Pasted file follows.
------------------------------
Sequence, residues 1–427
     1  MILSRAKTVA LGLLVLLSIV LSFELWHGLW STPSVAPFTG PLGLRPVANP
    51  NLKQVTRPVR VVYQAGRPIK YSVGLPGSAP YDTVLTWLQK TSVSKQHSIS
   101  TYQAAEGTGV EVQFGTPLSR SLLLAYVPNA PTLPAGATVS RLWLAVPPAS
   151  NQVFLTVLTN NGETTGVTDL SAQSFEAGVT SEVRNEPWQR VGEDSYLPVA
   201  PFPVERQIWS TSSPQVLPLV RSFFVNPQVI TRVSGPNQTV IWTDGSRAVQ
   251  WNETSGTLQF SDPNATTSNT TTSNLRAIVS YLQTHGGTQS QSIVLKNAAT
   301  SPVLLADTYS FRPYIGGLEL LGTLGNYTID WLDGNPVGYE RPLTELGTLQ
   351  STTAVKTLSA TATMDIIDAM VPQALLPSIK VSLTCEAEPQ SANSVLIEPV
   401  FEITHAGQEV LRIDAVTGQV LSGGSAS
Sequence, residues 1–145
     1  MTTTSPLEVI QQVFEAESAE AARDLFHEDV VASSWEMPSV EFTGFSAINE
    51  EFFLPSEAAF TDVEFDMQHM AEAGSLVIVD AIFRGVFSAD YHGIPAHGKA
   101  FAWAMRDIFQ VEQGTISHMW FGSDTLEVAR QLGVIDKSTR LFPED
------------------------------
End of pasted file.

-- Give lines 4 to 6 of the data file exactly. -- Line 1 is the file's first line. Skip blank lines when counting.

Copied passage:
   101  TYQAAEGTGV EVQFGTPLSR SLLLAYVPNA PTLPAGATVS RLWLAVPPAS
   151  NQVFLTVLTN NGETTGVTDL SAQSFEAGVT SEVRNEPWQR VGEDSYLPVA
   201  PFPVERQIWS TSSPQVLPLV RSFFVNPQVI TRVSGPNQTV IWTDGSRAVQ